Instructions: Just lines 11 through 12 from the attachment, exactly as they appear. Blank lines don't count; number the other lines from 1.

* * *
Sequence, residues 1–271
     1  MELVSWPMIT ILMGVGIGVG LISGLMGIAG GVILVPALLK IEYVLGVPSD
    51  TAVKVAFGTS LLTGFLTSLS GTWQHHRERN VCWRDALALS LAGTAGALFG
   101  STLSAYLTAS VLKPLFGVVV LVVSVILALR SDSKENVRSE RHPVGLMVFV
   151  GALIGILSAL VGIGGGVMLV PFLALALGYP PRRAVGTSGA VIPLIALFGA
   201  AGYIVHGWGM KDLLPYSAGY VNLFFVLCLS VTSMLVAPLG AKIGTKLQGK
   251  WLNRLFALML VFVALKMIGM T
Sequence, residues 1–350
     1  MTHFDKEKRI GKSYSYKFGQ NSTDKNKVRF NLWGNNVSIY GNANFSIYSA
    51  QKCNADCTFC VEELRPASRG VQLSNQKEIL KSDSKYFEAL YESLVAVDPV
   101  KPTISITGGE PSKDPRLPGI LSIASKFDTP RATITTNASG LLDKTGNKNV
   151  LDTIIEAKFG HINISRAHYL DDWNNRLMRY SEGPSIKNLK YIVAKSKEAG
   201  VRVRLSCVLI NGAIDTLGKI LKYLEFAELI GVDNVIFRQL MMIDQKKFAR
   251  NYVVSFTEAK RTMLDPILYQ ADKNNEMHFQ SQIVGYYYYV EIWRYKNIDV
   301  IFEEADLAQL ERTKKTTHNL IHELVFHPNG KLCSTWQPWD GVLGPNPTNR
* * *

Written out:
   101  KPTISITGGE PSKDPRLPGI LSIASKFDTP RATITTNASG LLDKTGNKNV
   151  LDTIIEAKFG HINISRAHYL DDWNNRLMRY SEGPSIKNLK YIVAKSKEAG